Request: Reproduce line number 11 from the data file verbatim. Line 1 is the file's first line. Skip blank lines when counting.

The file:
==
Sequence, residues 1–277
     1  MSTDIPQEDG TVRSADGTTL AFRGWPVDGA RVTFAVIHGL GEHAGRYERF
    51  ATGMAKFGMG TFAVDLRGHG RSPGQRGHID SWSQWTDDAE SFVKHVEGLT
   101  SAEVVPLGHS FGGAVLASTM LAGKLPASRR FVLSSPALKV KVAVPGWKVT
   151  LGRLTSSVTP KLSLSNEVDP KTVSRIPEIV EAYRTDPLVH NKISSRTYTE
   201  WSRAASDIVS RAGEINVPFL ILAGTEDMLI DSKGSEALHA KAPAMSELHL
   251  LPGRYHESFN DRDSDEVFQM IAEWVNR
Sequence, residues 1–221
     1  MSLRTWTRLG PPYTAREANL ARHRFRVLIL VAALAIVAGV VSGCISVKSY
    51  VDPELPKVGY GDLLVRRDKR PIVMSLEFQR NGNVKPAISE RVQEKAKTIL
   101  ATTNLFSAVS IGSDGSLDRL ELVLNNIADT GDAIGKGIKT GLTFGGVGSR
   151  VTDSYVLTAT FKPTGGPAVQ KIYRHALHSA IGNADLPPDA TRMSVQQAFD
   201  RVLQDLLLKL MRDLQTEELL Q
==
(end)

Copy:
   101  ATTNLFSAVS IGSDGSLDRL ELVLNNIADT GDAIGKGIKT GLTFGGVGSR